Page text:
This review has been written by Barry Duncan, an award-winning teacher, author, consultant and founder and past president of the Ontario-based Association for Media Literacy.
Mapping Media Education Policies in the World: Visions, Programs and Challenges, Frau-Meigs and Jordi Torrent eds. The United Nations Alliance of Civilization for UNESCO, 2009
This collection of articles on media education around the world will fulfill an important need: informing us of the struggle to critically understand the global implications of media education.
Few will read this entire collection, but it is worthwhile dipping into a cross section of the articles. Media educators from the developed and developing worlds offer testimony to the enormous difficulties in developing suitable school curriculum. Some of the reports include those from countries such as Canada (Carolyn Wilson and Barry Duncan, both of the Association for Media Literacy, contribute chapters; Carolyn is a member of the UNESCO commission), the United States, Turkey, Spain, the United Kingdom, Zambia, Morocco, India, Egypt and Ghana.
The last section deals with action plans, youth voices, and civic engagement. The editors write: “It is UNESCO’s hope that the information and knowledge contained in this collection will inspire readers to take action that is informed by expert knowledge.” The United Nations Alliance for Civilization, which commissioned this document, will be making recommendations for implementing best practices in media education. It is fortunate that the commission has made such a good start in making the case for the importance of media education in school curriculum and beyond.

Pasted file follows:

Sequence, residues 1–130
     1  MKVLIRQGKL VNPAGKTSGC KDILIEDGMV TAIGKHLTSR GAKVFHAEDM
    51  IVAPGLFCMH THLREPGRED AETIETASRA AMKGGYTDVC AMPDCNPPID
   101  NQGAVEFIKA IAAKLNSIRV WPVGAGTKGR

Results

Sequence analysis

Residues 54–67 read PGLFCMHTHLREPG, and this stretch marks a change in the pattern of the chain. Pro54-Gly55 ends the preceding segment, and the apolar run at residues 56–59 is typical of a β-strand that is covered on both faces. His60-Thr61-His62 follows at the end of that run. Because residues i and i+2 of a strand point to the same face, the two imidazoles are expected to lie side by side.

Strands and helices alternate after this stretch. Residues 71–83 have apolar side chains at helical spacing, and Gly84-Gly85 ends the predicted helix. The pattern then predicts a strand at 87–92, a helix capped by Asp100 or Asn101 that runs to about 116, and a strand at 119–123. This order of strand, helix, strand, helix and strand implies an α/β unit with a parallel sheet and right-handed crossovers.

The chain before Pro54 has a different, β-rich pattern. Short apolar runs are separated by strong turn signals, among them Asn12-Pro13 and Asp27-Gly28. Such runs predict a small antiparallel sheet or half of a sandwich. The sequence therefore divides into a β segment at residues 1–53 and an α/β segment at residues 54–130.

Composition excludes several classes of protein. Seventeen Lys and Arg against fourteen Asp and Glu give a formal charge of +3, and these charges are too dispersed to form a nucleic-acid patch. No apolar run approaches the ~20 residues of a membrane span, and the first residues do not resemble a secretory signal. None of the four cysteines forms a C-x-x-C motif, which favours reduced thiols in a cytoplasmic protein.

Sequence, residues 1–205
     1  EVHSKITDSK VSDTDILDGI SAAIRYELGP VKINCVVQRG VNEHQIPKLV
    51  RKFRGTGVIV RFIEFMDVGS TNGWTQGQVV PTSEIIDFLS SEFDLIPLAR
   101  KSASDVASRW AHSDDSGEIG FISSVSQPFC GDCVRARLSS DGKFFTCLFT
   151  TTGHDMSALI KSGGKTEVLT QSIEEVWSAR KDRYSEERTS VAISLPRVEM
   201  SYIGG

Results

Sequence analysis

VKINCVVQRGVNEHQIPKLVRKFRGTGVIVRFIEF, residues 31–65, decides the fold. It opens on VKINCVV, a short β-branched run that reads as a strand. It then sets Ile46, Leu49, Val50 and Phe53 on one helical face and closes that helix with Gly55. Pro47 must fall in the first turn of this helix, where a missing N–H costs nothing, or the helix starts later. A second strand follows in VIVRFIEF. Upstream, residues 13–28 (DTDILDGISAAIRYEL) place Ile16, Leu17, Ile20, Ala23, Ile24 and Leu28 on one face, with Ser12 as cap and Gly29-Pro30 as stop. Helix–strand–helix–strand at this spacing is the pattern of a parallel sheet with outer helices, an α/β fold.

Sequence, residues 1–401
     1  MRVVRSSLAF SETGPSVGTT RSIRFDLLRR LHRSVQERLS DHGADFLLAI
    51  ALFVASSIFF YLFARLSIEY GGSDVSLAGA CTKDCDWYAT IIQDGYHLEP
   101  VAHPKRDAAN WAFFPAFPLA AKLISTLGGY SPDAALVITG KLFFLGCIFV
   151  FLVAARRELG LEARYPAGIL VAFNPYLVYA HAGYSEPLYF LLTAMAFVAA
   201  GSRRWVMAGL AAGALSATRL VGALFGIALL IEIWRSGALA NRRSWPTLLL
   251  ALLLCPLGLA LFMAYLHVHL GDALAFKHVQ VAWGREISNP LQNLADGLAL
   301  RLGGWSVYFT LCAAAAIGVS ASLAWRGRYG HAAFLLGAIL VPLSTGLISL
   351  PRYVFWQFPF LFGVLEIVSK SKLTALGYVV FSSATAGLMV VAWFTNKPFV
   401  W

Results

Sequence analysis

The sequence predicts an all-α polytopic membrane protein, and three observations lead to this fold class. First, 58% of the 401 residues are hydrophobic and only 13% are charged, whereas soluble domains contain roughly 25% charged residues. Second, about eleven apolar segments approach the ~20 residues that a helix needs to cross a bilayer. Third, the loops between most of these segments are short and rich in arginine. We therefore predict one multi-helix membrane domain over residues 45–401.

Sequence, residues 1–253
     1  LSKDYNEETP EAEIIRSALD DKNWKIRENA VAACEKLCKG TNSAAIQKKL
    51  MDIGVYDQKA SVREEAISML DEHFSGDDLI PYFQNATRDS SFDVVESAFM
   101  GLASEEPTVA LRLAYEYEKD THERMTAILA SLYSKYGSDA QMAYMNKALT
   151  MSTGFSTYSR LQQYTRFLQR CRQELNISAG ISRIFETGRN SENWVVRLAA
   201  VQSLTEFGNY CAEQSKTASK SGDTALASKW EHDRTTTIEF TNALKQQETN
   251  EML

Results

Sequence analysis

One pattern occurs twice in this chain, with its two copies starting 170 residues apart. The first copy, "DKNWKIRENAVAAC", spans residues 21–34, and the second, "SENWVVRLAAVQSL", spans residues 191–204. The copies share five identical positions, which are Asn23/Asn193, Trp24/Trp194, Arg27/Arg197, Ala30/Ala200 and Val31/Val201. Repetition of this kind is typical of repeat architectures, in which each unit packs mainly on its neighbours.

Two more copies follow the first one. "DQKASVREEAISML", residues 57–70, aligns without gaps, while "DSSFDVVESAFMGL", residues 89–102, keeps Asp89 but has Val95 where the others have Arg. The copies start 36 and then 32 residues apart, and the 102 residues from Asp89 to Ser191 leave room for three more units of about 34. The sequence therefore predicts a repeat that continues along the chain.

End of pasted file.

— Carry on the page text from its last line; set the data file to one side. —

Media Literacy is Elementary: Teaching Youth to Critically Read and Create Media, Jeff Share. Peter Lang, 2009.
Jeff Share worked for Liz Thoman of the Centre for Media Literacy, did his doctorate under Douglas Kellner (a cultural studies guru at UCLA), observed an impressive critical literacy program in some elementary schools and piloted some innovative curriculum. The book reflects all these experiences and offers us some exemplary curriculum.
I like the tough minded, transformative critical pedagogy found throughout, accessing the work of social and media radicals such as Henry Giroux, Paulo Freire, Len Masterman and Robert Ferguson. The book serves in effect as an activist’s guide for media literacy, acknowledging the necessity of social justice and an engaged citizenry. The definition of media literacy as “critical media literacy” (see the work of Peter McLaren for a fuller exploration of this distinction) will make some educators who would prefer bland and depoliticized material wince, but for those who embrace the concept this is an invaluable book.
A Guide to Effective Literacy Instruction, Grades 4-6: Vol. 7, Media Literacy. Ontario Ministry of Education, 2008.
As school curriculum evolves, new guidelines are created and teachers look for guidance and concrete ideas for their classroom. This new Ontario Ministry of Education Media Literacy Resource will provide significant help, especially for elementary teachers who are new to the game.